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Critical Anlysis Of Malcolm X's The Ballot Or The Bullet

1197 words - 5 pages

Critical Analysis of Malcolm X’s “The Ballot or the Bullet”

Malcolm X: His very name is a disregard to the beliefs of the white supremacists of his time. The "X" symbolizes his rejection of slave-names and the absence of an inherited African name to take its place. Similarly, in his speech "The Ballot or the Bullet", Malcolm X denounces the actions of the white population, without any attempts to appeal to them. His approach to the civil rights issue is in complete opposition to the tactics of other civil rights leaders of his time, such as Martin Luther King, Jr. Rather than trying to integrate the black community into the white, he focuses on the complete separation of them. ...view middle of the document...

As long as you and I have been over here, we aren't Americans yet." Malcolm continuously refers to this concept for the rest of his speech, stating that blacks are not Americans; rather, they are "just" Africans. He begins the sentence with "Everything that came out of Europe…" This created the impression that absolutely everybody from Europe was accepted into American society, including low class criminals and other people of such low moral character. While all blacks, even highly educated individuals such as MLK, Jr. are still looked down upon in society.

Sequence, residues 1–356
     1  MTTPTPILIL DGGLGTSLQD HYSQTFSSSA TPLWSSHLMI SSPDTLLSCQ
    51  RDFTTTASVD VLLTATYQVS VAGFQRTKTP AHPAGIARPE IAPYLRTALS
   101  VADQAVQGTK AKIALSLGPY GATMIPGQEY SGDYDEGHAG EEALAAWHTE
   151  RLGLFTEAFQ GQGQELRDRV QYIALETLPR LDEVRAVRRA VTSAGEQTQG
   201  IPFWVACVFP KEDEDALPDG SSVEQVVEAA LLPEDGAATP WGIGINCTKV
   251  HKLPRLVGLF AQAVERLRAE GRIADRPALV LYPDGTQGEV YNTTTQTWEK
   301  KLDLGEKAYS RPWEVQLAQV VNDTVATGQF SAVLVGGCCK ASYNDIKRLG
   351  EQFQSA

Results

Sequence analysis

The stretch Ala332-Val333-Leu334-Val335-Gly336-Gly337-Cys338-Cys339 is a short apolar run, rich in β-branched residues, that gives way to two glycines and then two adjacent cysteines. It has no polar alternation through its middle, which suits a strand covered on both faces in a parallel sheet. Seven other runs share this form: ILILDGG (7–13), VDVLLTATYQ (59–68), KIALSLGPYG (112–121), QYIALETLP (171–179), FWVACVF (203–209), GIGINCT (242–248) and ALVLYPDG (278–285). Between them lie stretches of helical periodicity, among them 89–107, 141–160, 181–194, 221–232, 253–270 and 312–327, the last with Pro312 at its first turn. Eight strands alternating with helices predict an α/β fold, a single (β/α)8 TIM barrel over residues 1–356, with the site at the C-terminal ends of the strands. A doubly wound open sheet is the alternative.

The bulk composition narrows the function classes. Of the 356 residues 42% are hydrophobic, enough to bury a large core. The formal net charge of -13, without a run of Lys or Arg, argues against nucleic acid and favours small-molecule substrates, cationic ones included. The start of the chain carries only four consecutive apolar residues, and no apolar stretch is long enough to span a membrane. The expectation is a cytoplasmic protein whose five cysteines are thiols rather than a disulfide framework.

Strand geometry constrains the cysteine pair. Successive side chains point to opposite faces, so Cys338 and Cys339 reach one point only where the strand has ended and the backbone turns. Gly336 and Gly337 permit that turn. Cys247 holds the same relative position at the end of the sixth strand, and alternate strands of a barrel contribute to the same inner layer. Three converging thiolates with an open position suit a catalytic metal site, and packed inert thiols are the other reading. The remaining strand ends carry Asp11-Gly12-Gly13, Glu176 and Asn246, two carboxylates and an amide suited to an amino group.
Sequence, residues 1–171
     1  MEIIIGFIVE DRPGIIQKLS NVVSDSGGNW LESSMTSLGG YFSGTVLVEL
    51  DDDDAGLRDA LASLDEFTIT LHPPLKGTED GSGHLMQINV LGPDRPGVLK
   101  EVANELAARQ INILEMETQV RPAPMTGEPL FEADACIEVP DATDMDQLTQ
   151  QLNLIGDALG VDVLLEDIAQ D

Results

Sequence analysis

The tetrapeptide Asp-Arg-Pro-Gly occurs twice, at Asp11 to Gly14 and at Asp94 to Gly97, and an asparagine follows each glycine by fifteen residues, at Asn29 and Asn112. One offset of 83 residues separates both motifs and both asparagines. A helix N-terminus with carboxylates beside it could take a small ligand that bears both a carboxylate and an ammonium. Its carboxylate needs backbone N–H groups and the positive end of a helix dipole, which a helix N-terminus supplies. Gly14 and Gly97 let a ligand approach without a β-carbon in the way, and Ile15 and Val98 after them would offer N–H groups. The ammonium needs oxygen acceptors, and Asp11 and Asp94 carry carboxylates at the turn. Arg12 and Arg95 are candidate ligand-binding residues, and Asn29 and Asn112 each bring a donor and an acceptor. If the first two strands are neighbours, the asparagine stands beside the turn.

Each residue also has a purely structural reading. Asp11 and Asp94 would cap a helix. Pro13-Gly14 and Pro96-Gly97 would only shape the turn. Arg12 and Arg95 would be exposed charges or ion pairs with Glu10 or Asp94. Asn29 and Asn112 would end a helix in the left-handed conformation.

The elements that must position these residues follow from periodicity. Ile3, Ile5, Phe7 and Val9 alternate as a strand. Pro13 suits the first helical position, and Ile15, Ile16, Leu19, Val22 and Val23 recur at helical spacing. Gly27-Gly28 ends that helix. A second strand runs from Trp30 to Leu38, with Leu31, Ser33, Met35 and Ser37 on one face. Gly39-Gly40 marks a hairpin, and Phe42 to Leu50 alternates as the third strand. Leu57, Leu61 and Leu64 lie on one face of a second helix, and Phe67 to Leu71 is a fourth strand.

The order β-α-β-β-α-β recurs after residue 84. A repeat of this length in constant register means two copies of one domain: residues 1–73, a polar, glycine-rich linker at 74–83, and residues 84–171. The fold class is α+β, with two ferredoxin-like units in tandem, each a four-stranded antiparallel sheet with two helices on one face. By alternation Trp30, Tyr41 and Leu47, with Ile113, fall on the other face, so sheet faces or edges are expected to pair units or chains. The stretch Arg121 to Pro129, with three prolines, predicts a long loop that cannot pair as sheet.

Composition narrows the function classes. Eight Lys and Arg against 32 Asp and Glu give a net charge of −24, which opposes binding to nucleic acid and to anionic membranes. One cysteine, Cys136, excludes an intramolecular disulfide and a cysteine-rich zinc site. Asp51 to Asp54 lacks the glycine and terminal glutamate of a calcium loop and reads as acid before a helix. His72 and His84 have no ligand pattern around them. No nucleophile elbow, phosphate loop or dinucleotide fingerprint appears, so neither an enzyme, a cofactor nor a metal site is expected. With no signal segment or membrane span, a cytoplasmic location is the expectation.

Malcom’s speech continually uses pathos by playing to the emotions of his listeners. His statements fuel the already passionate and strong hatred of his black audience toward their “oppressor”. Instead of referring to the white population as "white," he uses the phrase "blue-eyed thing." In doing so, he reinforces that fact that the United States has built its entire country on something as trivial as eye and skin color. This instills a feeling of pride in his audience, because they have the moral fiber to look past such irrelevancies. This statement begins to create a feeling of separation from the white population into which the blacks had previously been trying to integrate. When put together, the phrase paints a vivid image: his audience can easily imagine masses of people with blond hair and blue eyes arriving in ships, flooding the streets that had been previously occupied by blacks.
Malcolm continues to make his point stronger, to appeal to his audience's emotions in a more direct manner. Malcolm goes on to say, "Sitting at the table doesn't make you a diner, unless you eat some of what's on that plate. Being here in America doesn't make you an American. No, I'm not an American. I'm one of the 22 million black people who are victims of Americanism." This statement reinforces his previous assertion, and directly states that blacks are not Americans. It drills this fact into his audience's brains early on in the speech, so that it will ring in their ears later on. He presents more evidence for his beliefs. By referring to the racial equality issue as "Americanism," and himself as a "victim," Malcolm creates this picture that the white population is this deadly, widespread disease, unable to control its own growth. Iit has already victimized tens of millions of blacks across the country, without a cure to stop it until now. He shows his...

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